Director: H.C. Potter
I’ve wanted to see this ever since I read about it in my old Illustrated History of Cinema (Robinson & Lloyd) about, what, 25 years ago, which promised an “extraordinarily zany” “anything for a laugh extravaganza”. But actually getting my hands on it has been another matter… there actually was a local DVD release here in the early 00’s, but it was an Avenue One job and I knew that apparently everything they touched turned to shit, so I let it go… But! with the technological miracle of unlimited ADSL and, er, an online source of doubtful legality, I now have Hellzapoppin’ in my virtual hands. And all I’ll say is fucking hell, what was in the water at Universal’s comedy department in 1941? Just a few months earlier they’d unleashed Never Give a Sucker an Even Break, and then this, which impressively out-loons even Mr Fields’ masterwork (to which this actually bears certain similarities).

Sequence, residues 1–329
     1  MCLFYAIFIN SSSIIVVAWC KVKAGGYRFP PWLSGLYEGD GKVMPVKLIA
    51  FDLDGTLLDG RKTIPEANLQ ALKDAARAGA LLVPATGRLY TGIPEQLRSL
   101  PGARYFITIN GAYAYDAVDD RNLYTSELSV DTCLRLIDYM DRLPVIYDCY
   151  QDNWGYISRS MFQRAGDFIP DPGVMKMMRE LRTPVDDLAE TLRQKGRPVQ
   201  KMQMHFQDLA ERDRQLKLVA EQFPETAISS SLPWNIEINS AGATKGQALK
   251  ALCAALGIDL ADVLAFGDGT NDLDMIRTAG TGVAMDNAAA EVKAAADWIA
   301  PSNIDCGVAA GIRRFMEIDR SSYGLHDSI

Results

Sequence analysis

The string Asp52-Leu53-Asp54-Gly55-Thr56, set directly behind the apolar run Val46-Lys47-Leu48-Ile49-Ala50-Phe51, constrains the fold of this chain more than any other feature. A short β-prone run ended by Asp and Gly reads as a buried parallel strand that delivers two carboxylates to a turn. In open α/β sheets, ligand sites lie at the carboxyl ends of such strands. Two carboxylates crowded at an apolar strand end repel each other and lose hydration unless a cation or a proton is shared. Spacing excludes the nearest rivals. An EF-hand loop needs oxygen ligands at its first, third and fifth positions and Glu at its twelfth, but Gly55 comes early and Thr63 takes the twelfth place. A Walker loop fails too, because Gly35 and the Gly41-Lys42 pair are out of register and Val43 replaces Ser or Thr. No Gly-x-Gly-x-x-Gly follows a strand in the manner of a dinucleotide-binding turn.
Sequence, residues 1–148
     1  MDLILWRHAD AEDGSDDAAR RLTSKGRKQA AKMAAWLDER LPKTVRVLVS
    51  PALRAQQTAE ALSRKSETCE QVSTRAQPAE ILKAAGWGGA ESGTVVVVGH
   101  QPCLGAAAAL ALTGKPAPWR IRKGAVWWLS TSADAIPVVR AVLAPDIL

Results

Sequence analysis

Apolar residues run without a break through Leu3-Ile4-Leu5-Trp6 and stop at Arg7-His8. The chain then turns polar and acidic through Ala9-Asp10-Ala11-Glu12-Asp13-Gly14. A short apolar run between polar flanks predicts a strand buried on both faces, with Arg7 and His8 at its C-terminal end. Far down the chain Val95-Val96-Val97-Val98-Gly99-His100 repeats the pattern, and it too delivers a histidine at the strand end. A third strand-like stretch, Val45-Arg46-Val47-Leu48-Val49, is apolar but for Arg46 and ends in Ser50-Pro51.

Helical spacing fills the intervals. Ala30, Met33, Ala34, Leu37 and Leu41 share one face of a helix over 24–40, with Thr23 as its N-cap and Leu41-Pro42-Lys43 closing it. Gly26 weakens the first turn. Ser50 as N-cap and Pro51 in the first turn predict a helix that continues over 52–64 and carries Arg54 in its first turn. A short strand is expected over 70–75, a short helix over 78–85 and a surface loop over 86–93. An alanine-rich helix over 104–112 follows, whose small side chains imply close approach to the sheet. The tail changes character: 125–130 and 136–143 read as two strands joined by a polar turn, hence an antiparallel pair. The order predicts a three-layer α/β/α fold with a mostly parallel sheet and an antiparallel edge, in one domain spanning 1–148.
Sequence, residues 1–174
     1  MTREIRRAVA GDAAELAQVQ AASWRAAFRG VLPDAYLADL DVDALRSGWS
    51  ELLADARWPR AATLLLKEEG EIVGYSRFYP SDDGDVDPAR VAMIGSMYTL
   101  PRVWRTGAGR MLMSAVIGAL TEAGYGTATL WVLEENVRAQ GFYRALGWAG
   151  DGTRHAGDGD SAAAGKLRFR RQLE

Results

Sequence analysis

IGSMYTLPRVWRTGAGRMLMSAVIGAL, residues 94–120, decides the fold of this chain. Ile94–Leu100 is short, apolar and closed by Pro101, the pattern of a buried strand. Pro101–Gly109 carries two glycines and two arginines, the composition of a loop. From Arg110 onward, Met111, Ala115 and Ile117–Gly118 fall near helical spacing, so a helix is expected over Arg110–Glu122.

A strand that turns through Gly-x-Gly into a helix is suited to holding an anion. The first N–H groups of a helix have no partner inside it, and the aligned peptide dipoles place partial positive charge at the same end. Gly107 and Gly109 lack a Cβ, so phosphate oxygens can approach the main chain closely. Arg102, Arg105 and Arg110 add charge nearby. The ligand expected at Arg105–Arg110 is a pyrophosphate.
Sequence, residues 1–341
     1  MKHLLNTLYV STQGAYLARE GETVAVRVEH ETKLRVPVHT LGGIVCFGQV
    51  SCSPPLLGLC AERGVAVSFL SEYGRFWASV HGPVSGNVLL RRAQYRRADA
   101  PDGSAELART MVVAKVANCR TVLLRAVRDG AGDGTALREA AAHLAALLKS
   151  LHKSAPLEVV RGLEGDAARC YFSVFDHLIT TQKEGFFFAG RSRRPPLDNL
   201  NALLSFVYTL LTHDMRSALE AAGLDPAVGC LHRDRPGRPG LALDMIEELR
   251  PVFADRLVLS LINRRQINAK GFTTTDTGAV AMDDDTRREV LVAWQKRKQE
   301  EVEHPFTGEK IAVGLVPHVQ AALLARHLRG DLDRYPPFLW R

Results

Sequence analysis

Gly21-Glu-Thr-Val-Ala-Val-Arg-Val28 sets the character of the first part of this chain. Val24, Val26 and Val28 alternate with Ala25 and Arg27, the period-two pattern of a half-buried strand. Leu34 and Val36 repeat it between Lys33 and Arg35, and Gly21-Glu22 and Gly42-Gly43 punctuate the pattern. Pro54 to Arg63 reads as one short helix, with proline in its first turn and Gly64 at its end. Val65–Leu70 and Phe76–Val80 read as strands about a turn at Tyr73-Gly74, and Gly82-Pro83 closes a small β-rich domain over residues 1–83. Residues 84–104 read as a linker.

Hellzapoppin’ the film is kind of about the adaptation of the then-legendary Broadway hit of the same name into a film; crucially, the credits only say that the play “suggested” the film, which, from what I can gather, doesn’t resemble the play that much (it may indeed have even been unfilmable as such). After the jaw-dropping opening in Hell, what ensues is surely one of the strangest “putting on a show” musicals ever made. Stars Olsen & Johnson are tasked with helping a young composer stage a musical revue he wants to launch on Broadway; in the midst of this they also have to help the course of young love run properly, which, after a series of misunderstandings, they eventually decide will actually require them to sabotage the thing instead. Along the way there is a remarkable amount of fourth-wall breaking, reflexivity and all that, and if one of the jokes was lifted from certain Warners cartoons of the late 30s, Chuck Jones would steal one from this film years later in Duck Amuck. It’s ludicrous, surreal, kind of berserk, and if anything the description in the Robinson & Lloyd book almost undersells the thing. Stunning.